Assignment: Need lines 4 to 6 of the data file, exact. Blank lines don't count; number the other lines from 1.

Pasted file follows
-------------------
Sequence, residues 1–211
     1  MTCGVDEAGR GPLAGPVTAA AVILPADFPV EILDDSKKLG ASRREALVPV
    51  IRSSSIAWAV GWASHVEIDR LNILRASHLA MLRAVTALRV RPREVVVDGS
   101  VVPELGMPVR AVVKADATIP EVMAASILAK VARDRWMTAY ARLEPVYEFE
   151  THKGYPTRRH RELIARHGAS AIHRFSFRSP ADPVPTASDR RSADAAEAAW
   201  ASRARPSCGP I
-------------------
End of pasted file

   101  VVPELGMPVR AVVKADATIP EVMAASILAK VARDRWMTAY ARLEPVYEFE
   151  THKGYPTRRH RELIARHGAS AIHRFSFRSP ADPVPTASDR RSADAAEAAW
   201  ASRARPSCGP I